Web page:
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Italian seed collecting success

Jo Wenham, Plant Propagation and Conservation Unit Manager at Wakehurst, considers the highs and lows of fieldwork.

Blog team: 
Jo Wenham


Jo Wenham recently took part in a 14-day seed collecting trip in the Calabrian region of Italy. 

The aim of her journey was collect seed from trees, shrubs and herbaceous throughout southern Italy, to grow in the Living collections at Wakehurst. Some of the seed collected will also be conserved in the Millennium Seed Bank. 

Jo’s travel companions for the expedition were Mark Ballard, Penny Jones and Dan Crowley all from Westonbirt Arboretum in Gloucestershire.

After flying into Naples the first focus was the stunning Aspremonte national park in Reggio Calabria. Species collected included Pinus nigra subsp laricio, Acer apalus subsp obtusatum, Carpinus betulus, Cistus monspelensis, Platanus orientalis, Quercus suber and Q. ilex. 

After the first week the team had made 45 herbarium and seed collections, 10 of which will be conserved in the Millennium Seed Bank for long term conservation. Others will be grown in the nurseries at Wakehurst, Westonbirt and other gardens that form part of the UKBGAC (UK Botanic Gardens Collections Consortium). This group aims to combine skills, knowledge and resources to collect, store and grow temperate trees from across the world.

Maples were a high priority target species and the team located the very rare Acer lobelii, unfortunately with no seed. This species has very little data recorded, so coordinates and herbarium samples were taken from the populations found by the team.












The team then travelled north to Mormanno, the base for collecting around Pollino National Park. They were all totally in awe of the stunning scenery and the warm hospitality they experienced from the staff at the park as well as everyone they met along their way. 

The following morning they climbed Monte Pollino which is 2,248 metres high, in an attempt to find the Pinus heldreichii var. leucodermis or the Bosnian pine. Pollino holds the only populations of this Pine found in Italy. After 5 hours of hiking up mountain tracks filled with Beech forest and some open glades Jo and her team had to admit defeat as they could not locate the elusive pines.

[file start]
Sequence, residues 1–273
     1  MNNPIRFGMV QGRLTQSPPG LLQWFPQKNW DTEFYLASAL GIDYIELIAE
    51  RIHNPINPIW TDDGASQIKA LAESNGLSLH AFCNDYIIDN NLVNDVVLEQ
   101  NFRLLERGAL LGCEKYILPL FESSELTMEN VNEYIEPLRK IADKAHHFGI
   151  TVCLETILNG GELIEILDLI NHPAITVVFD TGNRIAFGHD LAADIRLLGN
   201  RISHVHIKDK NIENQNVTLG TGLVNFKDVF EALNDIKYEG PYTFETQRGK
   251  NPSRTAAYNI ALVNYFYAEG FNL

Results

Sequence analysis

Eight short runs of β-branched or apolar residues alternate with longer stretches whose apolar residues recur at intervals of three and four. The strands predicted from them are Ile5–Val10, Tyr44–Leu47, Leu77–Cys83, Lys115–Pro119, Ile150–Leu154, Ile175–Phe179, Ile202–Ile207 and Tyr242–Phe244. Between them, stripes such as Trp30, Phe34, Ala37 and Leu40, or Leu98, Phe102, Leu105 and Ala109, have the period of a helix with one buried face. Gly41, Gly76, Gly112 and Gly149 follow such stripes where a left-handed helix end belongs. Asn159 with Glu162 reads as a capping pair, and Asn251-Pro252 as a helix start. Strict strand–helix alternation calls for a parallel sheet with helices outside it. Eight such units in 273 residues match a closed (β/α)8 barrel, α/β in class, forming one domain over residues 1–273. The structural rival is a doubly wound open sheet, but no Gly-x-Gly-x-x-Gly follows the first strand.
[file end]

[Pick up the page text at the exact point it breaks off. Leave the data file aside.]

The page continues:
The next day the team travelled to Basilica to try and locate and document a population of Acer lobelii. They found 30 trees in a steep valley with a stream running through the centre. Jo carefully collected herbarium samples from various trees showing variations in their leaf hairs. 

After receiving some inside information the team tried again in their attempt to find the mysterious Bosnian pine. They were told by partners in the country of a population near the Piani del Pollino so they set their GPS to guide them to the area where they had been spotted. This entailed a short walk through beech forest an open river bed and glade then a steep march up uneven tracks for nearly three hours.

The team followed the hiking trails marked with red and white flags for an hour until they reached a huge plateaux. In the far distance they could see pines clinging to the rocks. 

They knew they had struck gold! After a long hike Jo and her companions finally reached their goal.

'We were absolutely ecstatic when we discovered that the pines had seeds. We had to collect the cones quickly as we knew we had to get back to our base before sunset. We collected three bags of the cones. Our journey back seemed far shorter as we were so pleased to have succeeded in our mission.'

The next day team collected near Orsomorso finding Acer monspessulanum (Montpellier maple) and Carpinus orientalis (oriental hornbeam) as well as many oaks, Quercus Ilex and Q.suber (Cork oak).

One of the many highlights of the trip was Jo's visit to a forest of mixed maples. There were six species present and some of the trees were huge including one of the biggest Alders Jo had ever seen. During this trip the team were lucky enough to collect a Tilla along the way. 

Jo and her team spent many evenings during the trip pressing specimens and triple wrapping seed to send back to the UK. They collected 60 in total with 16 for the Millennium Seed Bank.

Summarising her thoughts on the Italian collection trip Jo said: 'We will plant the seeds in our nursery and visitors to our gardens will be able to see them in the Wakehurst grounds in about four years.'

After Jo's return, the rest of the group from Westonbirt continued to the Lake Garda and the Lombardy regions to collect more seed and plant material. Their final total collection was 76. 

- Jo -